327a5-siachen-2Former Pakistani president General Pervez Musharraf  states in his memoirs that Pakistan lost almost 900 square miles (2,300 km2) of territory that it claimed. Time states that the Indian advance captured nearly 1,000 square miles (2,600 km2) of territory claimed by Pakistan. Further attempts to reclaim positions were launched by Pakistan in 1990, 1995, 1996 and even in early 1999, just prior to the Lahore Summit. The 1995 attack by Pakistan SSG was significant as it resulted in 40 casualties for Pakistan troops without any changes in the positions. An Indian IAF MI-17 helicopter was shot down in 1996. The Indian army controls all of the 70 kms (43 miles) long Siachen Glacier and all of its tributary glaciers, as well as the three main passes of the Saltoro Ridge immediately west of the glacier— Sia La, Bilafond La and Gyong La —thus holding onto the tactical advantage of high ground. The Pakistanis control the glacial valley just five kilometers southwest of Gyong La. The Pakistanis have been unable get up to the crest of the Saltoro Ridge, while the Indians cannot come down and abandon their strategic high posts.The line between where Indian and Pakistani troops are presently holding onto their respective posts is being increasingly referred to as the Actual Ground Position Line (AGPL).

A cease-fire came into effect in 2003. Even before that, every year more soldiers were killed because of severe weather than enemy firing. The two sides, by 2003 had lost an estimated 2,000 personnel primarily due to frostbite, avalanches and other complications. Both India and Pakistan have around 150 manned outposts along the glacier, with some 3,000 troops each. Official figures for maintaining these outposts are put at $300 and $200 million for India and Pakistan respectively. India built the world’s highest helipad on the glacier at Point Sonam, 21,000 feet (6,400 m) above sea level, to airlift supply to the troops. The problems of reinforcing or evacuating the high-altitude ridgeline have led to India’s development of the Dhruv Mk III helicopter, powered by the Shakti engine, which was flight-tested to lift and land personnel and stores from the Sonam post, the highest permanently manned post in the world. India also installed the world’s highest telephone booth on the glacier. Till some long term understanding is arrived between India and Pakistan, both the countries will have to guard the posts in the most inhospitable terrain and challenging conditions. This cold and barren land is the world’s highest and most sensitive battlefield.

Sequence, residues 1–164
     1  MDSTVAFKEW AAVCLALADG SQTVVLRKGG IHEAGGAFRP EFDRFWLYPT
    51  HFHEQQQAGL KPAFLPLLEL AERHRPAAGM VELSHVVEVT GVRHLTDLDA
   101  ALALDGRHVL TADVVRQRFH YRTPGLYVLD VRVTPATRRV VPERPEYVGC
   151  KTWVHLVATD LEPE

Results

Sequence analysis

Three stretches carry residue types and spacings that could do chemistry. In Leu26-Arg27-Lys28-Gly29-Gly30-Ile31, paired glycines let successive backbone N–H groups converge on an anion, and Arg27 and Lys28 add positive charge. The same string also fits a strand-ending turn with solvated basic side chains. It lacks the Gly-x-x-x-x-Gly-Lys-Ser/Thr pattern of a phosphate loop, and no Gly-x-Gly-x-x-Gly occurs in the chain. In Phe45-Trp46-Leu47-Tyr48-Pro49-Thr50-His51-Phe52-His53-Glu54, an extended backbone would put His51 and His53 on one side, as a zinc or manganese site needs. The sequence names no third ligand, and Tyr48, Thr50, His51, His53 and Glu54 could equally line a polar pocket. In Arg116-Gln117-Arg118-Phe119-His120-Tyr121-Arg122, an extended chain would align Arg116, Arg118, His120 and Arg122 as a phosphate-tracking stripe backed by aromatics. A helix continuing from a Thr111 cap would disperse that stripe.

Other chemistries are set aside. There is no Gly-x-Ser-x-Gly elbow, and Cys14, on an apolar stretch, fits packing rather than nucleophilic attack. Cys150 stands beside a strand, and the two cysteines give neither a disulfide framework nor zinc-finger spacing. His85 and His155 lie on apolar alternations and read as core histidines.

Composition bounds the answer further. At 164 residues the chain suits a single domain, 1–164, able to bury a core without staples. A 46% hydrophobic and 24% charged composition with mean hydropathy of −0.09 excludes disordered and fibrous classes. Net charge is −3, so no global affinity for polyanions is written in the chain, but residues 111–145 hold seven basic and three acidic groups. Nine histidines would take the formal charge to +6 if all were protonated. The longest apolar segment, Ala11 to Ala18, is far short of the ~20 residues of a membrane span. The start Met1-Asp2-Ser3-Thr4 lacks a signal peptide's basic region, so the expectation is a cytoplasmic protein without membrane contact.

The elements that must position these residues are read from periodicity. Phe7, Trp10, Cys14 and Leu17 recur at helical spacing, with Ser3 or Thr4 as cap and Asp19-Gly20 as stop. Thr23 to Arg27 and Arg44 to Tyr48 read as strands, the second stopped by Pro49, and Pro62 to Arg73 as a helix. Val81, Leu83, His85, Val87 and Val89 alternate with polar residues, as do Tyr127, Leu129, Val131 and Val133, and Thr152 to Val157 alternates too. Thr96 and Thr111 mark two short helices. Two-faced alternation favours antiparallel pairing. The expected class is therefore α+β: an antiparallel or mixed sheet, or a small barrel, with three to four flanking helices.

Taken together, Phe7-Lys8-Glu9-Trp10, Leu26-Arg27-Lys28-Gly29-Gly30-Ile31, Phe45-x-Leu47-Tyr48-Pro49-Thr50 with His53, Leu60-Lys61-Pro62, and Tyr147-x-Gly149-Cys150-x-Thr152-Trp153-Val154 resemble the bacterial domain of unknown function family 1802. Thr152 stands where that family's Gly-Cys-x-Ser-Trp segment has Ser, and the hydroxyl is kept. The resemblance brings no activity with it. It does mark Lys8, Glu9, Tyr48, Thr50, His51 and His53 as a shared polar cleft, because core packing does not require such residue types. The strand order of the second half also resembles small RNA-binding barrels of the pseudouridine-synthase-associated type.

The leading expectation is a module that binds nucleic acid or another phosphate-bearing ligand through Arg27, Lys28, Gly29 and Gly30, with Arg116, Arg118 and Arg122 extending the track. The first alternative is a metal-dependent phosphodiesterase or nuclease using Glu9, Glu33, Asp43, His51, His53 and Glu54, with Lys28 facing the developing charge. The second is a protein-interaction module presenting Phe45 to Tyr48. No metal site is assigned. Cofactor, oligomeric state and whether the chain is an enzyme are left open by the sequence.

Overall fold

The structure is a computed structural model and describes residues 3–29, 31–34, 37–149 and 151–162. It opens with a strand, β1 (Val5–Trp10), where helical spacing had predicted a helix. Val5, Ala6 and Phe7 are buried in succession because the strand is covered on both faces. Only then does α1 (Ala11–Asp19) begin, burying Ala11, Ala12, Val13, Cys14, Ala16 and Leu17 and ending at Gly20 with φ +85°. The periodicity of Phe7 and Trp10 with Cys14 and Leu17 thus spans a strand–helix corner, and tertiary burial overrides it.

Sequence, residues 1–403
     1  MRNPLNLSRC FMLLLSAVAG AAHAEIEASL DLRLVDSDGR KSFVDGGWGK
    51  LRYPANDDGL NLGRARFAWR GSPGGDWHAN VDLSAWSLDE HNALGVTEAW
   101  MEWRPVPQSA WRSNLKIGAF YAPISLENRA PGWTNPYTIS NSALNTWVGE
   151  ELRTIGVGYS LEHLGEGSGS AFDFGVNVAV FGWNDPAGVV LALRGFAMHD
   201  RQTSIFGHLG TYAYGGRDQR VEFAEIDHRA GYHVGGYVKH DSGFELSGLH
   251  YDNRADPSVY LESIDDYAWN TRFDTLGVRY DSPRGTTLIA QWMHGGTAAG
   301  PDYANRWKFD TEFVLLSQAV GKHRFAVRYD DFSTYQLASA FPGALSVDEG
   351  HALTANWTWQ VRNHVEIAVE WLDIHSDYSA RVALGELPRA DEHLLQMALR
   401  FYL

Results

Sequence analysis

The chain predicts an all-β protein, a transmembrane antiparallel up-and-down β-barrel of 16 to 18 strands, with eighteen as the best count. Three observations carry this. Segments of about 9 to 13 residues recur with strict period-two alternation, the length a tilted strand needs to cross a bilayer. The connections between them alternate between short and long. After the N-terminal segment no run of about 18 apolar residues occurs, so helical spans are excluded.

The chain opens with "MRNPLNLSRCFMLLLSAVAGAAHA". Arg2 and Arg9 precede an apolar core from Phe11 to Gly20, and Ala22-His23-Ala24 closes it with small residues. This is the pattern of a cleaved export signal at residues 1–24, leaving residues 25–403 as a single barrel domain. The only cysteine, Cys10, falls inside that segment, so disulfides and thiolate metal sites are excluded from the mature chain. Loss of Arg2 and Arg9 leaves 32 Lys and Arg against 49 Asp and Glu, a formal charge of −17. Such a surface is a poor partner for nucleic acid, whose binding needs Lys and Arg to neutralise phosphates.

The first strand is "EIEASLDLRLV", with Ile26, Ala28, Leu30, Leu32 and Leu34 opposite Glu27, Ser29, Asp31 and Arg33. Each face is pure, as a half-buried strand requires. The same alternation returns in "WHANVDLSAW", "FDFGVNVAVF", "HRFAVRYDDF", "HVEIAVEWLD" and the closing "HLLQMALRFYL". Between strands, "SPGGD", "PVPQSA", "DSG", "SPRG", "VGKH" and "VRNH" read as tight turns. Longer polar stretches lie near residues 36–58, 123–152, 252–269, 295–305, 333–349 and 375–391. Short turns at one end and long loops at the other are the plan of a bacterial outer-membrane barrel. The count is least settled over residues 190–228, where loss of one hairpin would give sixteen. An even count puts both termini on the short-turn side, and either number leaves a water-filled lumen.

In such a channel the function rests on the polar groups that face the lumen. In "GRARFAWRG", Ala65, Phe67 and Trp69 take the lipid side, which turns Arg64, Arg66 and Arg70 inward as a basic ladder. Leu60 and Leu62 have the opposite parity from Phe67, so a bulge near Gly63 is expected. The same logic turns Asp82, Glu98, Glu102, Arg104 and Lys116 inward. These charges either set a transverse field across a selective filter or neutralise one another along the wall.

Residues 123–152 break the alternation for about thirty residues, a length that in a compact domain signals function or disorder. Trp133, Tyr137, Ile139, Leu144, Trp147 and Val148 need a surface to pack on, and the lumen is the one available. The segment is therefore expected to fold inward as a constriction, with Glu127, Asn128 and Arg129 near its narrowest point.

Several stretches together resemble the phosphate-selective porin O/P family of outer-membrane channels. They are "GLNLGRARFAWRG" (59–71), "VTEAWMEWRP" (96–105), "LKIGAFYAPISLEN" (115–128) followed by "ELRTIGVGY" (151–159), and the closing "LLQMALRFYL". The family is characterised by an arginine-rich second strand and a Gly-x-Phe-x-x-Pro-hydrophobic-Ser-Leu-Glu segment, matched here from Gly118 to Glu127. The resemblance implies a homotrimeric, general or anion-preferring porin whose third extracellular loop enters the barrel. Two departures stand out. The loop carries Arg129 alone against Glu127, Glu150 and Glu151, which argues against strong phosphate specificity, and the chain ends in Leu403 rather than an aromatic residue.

Leave a Reply

Fill in your details below or click an icon to log in:

WordPress.com Logo

You are commenting using your WordPress.com account. Log Out / Change )

Twitter picture

You are commenting using your Twitter account. Log Out / Change )

Facebook photo

You are commenting using your Facebook account. Log Out / Change )

Google+ photo

You are commenting using your Google+ account. Log Out / Change )

Connecting to %s